Louis MacNeice (1907 - 1963):
Frederick Louis MacNeice was born in Belfast on 12 September 19o7, the son of John Frederick MacNeice, Church of Ireland clergyman who was at the time rector of Holy Trinity, Belfast. The year after Louis's birth his father became rector of St Nicholas's Carrickfergus and was later made bishop of Down, Connor and Dromore. Louis was educated in England at Marlborough College and at Merton College Oxford. Among his contemporaries at school were John Betjeman and Anthony Blunt, the latter remaining a lifelong friend. After graduation he became a lecturer in Classics at Birmingham University where his head of department was fellow Ulsterman E R Dodds. He married in 1930 but the marriage did not last and following the split with his wife he moved to Bedford College of the University of London. Rejected for military service because of his poor eyesight, in 1941 he joined the BBC Features Department and was responsible for many classic productions, including his own radio play The Dark Tower (with music by Benjamin Britten). Among his colleagues were W R Rodgers and Dylan Thomas.
Along with Auden, Spender and Day Lewis, MacNeice formed the leading group of poets of the 1930s. His work is colloquial and ironic, but intellectually distinguished and informed by a real tragic sense. He casts an ironic eye on the politics of Ireland ("I was born in Belfast to the banging of Orange drums") but his love for the country always shines through. His most considerable work is Autumn Journal (1939), a meditation on Munich and the approach of war; but he is also the author of many notable short poems e.g. The Sunlight In the Garden, Bagpipe Music. He married for a second time in 1942 but this marriage too did not last. In 1957 he was awarded an honorary doctorate from Queen's University and in the following year was created CBE.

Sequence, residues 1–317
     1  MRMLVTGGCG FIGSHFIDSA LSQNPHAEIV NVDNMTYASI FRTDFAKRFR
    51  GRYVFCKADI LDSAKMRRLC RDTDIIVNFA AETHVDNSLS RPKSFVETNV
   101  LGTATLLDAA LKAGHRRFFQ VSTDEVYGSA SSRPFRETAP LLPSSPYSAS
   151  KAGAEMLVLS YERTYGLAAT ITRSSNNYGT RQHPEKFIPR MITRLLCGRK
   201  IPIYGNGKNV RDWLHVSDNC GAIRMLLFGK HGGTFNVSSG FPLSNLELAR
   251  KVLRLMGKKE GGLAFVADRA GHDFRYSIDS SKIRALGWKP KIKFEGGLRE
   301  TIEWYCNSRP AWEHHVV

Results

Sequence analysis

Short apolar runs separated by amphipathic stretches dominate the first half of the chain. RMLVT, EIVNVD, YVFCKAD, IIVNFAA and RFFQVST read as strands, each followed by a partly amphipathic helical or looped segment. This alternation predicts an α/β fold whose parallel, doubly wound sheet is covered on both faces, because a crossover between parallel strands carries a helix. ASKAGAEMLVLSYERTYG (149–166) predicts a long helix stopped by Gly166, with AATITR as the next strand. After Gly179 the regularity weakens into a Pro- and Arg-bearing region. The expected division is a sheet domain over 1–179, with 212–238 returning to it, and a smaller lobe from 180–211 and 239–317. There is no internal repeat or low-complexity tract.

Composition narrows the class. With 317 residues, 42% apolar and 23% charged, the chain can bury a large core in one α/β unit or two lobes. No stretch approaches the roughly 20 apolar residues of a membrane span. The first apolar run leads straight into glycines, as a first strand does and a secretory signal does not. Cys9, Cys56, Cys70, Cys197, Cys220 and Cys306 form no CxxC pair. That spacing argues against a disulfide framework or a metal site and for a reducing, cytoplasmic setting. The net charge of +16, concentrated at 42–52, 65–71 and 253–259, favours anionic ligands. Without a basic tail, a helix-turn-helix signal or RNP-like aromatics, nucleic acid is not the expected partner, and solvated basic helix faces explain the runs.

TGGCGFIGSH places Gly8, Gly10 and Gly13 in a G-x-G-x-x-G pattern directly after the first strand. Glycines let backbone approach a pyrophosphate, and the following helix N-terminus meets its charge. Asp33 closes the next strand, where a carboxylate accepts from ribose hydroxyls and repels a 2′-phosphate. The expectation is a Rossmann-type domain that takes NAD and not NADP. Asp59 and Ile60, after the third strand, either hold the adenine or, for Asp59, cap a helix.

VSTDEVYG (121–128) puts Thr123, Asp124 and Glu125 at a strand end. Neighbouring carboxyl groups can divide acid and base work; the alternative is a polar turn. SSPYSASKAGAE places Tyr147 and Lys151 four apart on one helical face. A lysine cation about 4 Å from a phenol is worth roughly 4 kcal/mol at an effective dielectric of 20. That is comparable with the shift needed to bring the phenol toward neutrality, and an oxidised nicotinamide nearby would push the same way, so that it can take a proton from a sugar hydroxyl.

MacNeice died in London on 3 September 1963 from viral pneumonia, reputedly caught while he was exploring a cave for a projected radio programme. His ashes are interred at the Christ Church, Carrowdore, Co Down.
The poet is also associated with St Nicholas's Church, Carrickfergus, where his father was rector from 1908 to 1931.
|Born:||12 September 1907|
|Died:||3 September 1963|
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